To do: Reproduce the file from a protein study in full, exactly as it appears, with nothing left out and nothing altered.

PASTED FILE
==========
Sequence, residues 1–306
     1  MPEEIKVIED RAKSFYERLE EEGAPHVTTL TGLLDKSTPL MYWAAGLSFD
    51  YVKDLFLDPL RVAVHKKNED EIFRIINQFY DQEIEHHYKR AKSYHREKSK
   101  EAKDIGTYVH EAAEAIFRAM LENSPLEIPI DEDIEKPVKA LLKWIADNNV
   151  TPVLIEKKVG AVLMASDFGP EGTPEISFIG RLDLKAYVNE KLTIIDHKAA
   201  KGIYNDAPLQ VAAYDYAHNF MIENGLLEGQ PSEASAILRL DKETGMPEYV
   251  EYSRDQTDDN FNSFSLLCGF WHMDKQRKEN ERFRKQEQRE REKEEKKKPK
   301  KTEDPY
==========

Sequence, residues 1–306
     1  MPEEIKVIED RAKSFYERLE EEGAPHVTTL TGLLDKSTPL MYWAAGLSFD
    51  YVKDLFLDPL RVAVHKKNED EIFRIINQFY DQEIEHHYKR AKSYHREKSK
   101  EAKDIGTYVH EAAEAIFRAM LENSPLEIPI DEDIEKPVKA LLKWIADNNV
   151  TPVLIEKKVG AVLMASDFGP EGTPEISFIG RLDLKAYVNE KLTIIDHKAA
   201  KGIYNDAPLQ VAAYDYAHNF MIENGLLEGQ PSEASAILRL DKETGMPEYV
   251  EYSRDQTDDN FNSFSLLCGF WHMDKQRKEN ERFRKQEQRE REKEEKKKPK
   301  KTEDPY